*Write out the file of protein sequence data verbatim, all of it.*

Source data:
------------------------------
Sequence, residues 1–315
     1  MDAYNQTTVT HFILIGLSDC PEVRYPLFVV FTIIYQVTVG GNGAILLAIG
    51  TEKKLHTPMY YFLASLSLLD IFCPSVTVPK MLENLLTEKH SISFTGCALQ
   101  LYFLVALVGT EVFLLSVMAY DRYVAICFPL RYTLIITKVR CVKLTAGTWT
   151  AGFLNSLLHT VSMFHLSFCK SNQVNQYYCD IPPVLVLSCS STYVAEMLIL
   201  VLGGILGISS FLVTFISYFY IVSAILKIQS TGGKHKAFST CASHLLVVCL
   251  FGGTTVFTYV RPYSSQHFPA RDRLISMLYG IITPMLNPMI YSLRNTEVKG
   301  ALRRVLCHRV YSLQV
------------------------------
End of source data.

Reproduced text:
Sequence, residues 1–315
     1  MDAYNQTTVT HFILIGLSDC PEVRYPLFVV FTIIYQVTVG GNGAILLAIG
    51  TEKKLHTPMY YFLASLSLLD IFCPSVTVPK MLENLLTEKH SISFTGCALQ
   101  LYFLVALVGT EVFLLSVMAY DRYVAICFPL RYTLIITKVR CVKLTAGTWT
   151  AGFLNSLLHT VSMFHLSFCK SNQVNQYYCD IPPVLVLSCS STYVAEMLIL
   201  VLGGILGISS FLVTFISYFY IVSAILKIQS TGGKHKAFST CASHLLVVCL
   251  FGGTTVFTYV RPYSSQHFPA RDRLISMLYG IITPMLNPMI YSLRNTEVKG
   301  ALRRVLCHRV YSLQV